Here’s the problem. In the early 1990’s the state legislature mandated that city contributions to municipal fire and police pensions had to be actuarily sound, something called the forty year rule. When cities saw how much that would cost them, they raised a stink. The legislature then passed an alternative method by which cities could comply with the funding obligations for their pensions. This is the so-called 107% of last year’s contribution rule. Simply put, each year the city had to pony up 7% more than it had put in the year before.
Now what this does is push out the day of reckoning as the 7% multiplies on itself each year. Sort of like compound interest. So cities followed this rule handed down by the legislature which created in large part the huge underfunded liabilities. Under the alternative rule eventually the ever compounding 7% rule will solve the problem but it will solve it by becoming so huge that the city budget is devoured by the pension obligation.
The 107% rule is sort of like credit card debt where the minimum payment is so low that the debt never decreases but steadily gets bigger! The legislature made a bad move when it handed down the “relief” alternative method. Of course, cities were stupid when they followed it. What a mess.
The best thing the legislature can do is at least allow cities to freeze their present plans and switch to a FINANCIAL SOLVENT method of providing pension benefits for new hires. Some type of matching defined contribution plan is what everyone else in the world (other than government) uses. Try that.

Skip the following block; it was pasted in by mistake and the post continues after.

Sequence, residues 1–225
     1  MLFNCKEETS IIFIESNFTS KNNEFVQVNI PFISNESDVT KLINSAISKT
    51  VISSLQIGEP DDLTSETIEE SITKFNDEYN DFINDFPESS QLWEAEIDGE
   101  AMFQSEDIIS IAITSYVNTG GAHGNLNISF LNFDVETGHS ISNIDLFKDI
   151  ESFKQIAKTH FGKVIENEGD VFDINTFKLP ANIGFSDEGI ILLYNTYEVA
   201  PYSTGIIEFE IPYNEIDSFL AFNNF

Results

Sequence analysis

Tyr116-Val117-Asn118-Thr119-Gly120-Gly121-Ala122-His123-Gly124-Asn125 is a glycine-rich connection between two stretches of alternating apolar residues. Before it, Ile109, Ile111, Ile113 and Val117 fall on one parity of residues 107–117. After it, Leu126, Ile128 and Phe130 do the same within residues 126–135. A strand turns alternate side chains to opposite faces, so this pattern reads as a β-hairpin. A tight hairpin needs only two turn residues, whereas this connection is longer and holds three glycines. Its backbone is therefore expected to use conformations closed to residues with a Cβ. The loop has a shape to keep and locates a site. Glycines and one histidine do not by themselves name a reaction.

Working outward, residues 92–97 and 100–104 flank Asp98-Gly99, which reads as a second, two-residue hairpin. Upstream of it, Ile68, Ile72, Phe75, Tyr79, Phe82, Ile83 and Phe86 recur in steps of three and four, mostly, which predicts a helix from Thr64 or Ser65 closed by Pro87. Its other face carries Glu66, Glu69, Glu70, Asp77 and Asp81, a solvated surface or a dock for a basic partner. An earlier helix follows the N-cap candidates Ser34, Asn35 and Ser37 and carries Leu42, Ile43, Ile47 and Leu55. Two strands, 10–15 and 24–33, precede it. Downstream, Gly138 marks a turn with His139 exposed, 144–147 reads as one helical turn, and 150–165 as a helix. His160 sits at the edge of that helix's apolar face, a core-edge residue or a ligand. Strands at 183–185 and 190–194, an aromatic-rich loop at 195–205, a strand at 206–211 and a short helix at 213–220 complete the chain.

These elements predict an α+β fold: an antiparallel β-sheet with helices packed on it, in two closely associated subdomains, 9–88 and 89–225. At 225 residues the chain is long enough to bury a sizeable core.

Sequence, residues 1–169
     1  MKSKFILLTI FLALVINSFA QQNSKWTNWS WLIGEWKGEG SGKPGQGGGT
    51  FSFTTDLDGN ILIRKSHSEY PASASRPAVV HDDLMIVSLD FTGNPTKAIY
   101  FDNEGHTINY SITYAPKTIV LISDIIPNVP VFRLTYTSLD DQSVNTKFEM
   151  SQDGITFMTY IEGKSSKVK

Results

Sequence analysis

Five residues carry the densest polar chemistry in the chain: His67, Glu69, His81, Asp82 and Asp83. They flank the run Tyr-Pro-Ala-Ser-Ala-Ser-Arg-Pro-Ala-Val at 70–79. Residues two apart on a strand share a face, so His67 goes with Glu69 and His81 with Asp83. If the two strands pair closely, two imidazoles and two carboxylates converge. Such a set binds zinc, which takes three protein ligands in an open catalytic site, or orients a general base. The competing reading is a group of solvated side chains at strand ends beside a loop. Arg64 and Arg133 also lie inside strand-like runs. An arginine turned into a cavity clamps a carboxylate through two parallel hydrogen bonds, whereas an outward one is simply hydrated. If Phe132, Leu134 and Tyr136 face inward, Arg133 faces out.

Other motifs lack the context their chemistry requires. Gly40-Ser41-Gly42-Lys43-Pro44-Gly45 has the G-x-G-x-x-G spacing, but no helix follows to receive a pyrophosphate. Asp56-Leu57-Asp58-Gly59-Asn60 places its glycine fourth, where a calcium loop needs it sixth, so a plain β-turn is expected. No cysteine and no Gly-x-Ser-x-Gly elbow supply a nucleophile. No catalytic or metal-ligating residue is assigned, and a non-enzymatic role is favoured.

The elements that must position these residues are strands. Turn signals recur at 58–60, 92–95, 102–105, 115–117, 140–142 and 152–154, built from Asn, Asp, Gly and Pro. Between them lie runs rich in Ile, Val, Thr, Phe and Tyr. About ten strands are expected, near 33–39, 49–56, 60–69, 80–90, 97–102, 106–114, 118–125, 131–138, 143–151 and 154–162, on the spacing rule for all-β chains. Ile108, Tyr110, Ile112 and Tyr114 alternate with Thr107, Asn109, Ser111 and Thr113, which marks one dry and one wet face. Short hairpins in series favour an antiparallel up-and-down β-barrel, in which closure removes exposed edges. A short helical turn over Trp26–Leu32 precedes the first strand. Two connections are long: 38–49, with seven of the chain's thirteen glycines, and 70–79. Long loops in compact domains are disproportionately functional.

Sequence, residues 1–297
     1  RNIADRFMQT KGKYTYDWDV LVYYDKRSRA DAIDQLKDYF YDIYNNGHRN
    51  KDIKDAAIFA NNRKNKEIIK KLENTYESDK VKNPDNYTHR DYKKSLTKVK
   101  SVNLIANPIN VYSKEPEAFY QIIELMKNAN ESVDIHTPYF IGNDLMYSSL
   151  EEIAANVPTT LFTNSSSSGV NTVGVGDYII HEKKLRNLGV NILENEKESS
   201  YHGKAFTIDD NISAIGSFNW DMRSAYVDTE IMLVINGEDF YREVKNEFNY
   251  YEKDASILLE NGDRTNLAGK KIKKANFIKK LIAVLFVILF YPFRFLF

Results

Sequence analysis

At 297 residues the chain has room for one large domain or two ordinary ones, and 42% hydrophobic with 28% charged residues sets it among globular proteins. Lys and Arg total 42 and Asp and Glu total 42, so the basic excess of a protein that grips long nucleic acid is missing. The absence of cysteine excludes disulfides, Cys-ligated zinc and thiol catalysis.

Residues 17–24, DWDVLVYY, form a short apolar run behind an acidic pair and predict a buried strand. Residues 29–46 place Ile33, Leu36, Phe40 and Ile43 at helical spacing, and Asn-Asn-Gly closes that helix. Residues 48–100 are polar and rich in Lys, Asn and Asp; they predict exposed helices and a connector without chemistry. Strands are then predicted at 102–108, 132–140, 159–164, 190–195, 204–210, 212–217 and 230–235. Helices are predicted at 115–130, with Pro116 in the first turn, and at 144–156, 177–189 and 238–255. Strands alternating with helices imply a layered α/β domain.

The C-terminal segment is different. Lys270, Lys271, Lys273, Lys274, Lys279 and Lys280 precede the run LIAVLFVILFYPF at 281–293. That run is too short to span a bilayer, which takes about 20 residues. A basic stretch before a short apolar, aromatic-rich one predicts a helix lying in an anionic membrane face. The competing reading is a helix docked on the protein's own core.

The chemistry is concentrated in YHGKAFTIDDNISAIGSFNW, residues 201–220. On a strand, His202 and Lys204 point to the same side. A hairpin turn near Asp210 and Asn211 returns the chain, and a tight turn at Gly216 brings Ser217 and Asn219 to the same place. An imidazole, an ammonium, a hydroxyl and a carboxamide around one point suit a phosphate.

Cities can then at least proceed to “attack” the present problem. More home rule authority will be needed in this area. The legislature should allow cities to impose their own taxes and fees. Presently, cities that don’t have pilot home rule can only collect what revenues the legislature tells them they can. If cities aren’t given the power the fix the problem, it is a lot like telling the cities to mow a huge lawn but oh by the way you can’t purchase any lawnmowers! Figure that one out.
Here’s hoping the legislature will simply shut down the broken system which it in part is responsible for creating and set the cities free to set up a solvent system and find a way to pay the unfunded liabilities. Unfortunately, West Virginia has a history of micromanagement which cuts against trusting anyone to actually make a decision for themselves. However, this problem is so big that maybe real progress will be forthcoming and no more rearranging the deck chairs on the Titanic.